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New Town Hall, Munich (Neues Rathaus)

Neues Rathaus (New Town Hall, the German name for: Neues Rathaus) is a magnificent neo-Gothic building of brick and stone that takes up almost the entire Northern part of the Central square of Munich (Marienplatz) and dominates the square.

Address new town hall: Marienplatz, 8.

Conveniently located in Marienplatz, New town hall - the first thing that catches the eye and seems to stand up and be considered the facade of the New town hall can be infinitely long.

The new city hall was built in three stages, between 1867 and 1909 under the leadership of the German-Austrian architect Georg von Hauberisser. The architectural style of the buildings was the Gothic revival style, very popular at the time - at the turn of the century.

The impetus for the construction of the New town hall was that the city expanded and, accordingly, increased the number of officials who at that time sat in the walls of the Old town hall, located a few dozen meters from the future New town hall. Currently, the Old town hall still in its original location on Marienplatz. New town hall took place where once stood the medieval buildings.

Currently, the New town hall is a complex of buildings with courtyards, and is an architectural dominant of the square and one of the most impressive buildings in Munich, which, by law, crown jewel and one of the landmarks of the city.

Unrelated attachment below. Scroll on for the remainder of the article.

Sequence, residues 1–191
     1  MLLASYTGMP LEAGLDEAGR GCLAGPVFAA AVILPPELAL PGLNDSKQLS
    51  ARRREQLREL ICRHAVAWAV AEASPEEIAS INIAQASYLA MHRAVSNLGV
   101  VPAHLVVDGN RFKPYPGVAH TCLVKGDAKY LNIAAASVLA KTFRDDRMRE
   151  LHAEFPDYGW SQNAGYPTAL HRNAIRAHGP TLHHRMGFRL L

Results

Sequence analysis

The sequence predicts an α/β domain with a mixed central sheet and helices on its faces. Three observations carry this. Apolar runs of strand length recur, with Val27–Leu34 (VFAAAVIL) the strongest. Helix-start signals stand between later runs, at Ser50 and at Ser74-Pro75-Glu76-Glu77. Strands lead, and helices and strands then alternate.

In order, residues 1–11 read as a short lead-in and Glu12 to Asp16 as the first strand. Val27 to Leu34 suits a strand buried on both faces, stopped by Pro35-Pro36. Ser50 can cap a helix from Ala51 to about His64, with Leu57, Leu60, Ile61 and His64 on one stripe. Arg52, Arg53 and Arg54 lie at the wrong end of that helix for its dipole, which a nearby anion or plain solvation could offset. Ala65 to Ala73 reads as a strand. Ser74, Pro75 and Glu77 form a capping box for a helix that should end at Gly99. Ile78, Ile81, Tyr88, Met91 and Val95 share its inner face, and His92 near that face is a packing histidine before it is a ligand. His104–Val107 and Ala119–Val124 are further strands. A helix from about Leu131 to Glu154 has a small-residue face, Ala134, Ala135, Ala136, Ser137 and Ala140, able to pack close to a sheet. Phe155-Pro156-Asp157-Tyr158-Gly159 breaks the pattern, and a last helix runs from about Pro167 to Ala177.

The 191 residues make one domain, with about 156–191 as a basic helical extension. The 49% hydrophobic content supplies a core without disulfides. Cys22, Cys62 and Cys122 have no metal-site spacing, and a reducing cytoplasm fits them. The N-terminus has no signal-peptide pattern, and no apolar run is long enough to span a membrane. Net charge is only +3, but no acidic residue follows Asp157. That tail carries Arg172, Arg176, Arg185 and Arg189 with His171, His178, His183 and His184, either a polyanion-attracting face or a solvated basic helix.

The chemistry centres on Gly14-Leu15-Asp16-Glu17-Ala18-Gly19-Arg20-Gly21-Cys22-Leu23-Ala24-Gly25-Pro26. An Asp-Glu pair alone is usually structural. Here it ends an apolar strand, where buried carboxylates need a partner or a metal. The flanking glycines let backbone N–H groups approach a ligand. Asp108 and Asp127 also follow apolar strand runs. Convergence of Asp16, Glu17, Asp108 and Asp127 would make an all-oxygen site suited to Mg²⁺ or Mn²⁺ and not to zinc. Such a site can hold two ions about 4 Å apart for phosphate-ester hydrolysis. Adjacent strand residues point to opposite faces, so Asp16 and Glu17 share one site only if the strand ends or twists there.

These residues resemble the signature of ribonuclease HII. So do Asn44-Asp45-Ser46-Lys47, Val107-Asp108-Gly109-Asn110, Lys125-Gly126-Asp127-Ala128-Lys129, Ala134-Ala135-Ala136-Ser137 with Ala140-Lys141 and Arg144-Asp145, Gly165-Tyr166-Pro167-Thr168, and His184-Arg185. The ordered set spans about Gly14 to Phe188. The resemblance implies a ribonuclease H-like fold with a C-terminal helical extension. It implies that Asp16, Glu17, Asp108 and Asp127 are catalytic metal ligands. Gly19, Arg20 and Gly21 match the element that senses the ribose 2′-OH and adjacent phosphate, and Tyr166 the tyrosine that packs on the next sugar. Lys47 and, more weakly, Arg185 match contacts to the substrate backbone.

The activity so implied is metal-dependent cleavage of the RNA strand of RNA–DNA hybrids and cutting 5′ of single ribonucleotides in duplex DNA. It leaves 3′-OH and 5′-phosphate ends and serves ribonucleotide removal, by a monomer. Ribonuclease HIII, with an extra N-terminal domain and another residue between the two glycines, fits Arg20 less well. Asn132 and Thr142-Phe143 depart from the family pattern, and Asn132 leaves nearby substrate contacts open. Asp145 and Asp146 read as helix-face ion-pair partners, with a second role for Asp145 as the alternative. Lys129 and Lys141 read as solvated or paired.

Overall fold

The town hall is the seat of the mayor and the headquarters of the city Council of Munich.

In addition, the walls of the hall are: hall of the exhibition centre; visitor centre; café and shops located on the first floor of the town hall; and at the top of the town hall tower has an observation deck, granting its guests a 360 degree view of Munich.

Main (overlooking Marienplatz and having almost 100 metres in length) and West side (facing the street weinstraße / Weinstraße) facades of the New town hall, designed in neo-Gothic style originally.

The facades are richly decorated with turrets, carvings, figures of Bavarian princes and Dukes, starting with the founder of the city of Henry the Lion and ending with almost full line representatives of the Wittelsbach dynasty, and the legendary characters, saints, gargoyles and mighty dragon Vurmak reminding about the threat of plague.

Side (Western) facade of the New town hall

The other two facades of the town hall: East side (street Dienerstrasse / Dienerstraße) and rear (street Landschaftstrasse / Landschaftstrasse) less catchy and impressive. On the first floor are located shops and cafes.

Tower of New town hall: chimes and observation deck

The main facade of the town hall is decorated with protruding beyond the walls of the town hall 85-metre town hall tower, the spire of which is crowned by the figure of the "Munich child" (Münchner Kindl), which holds in his left hand the gospel and the right blesses the city.